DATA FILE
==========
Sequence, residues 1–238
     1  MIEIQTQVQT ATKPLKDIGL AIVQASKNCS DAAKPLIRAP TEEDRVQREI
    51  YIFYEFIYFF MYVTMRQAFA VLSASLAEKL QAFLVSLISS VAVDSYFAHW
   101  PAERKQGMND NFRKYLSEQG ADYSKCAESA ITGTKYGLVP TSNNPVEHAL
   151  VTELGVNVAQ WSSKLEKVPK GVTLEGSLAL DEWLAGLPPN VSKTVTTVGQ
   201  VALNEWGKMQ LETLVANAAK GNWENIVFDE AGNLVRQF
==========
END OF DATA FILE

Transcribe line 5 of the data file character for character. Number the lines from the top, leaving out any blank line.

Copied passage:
   151  VTELGVNVAQ WSSKLEKVPK GVTLEGSLAL DEWLAGLPPN VSKTVTTVGQ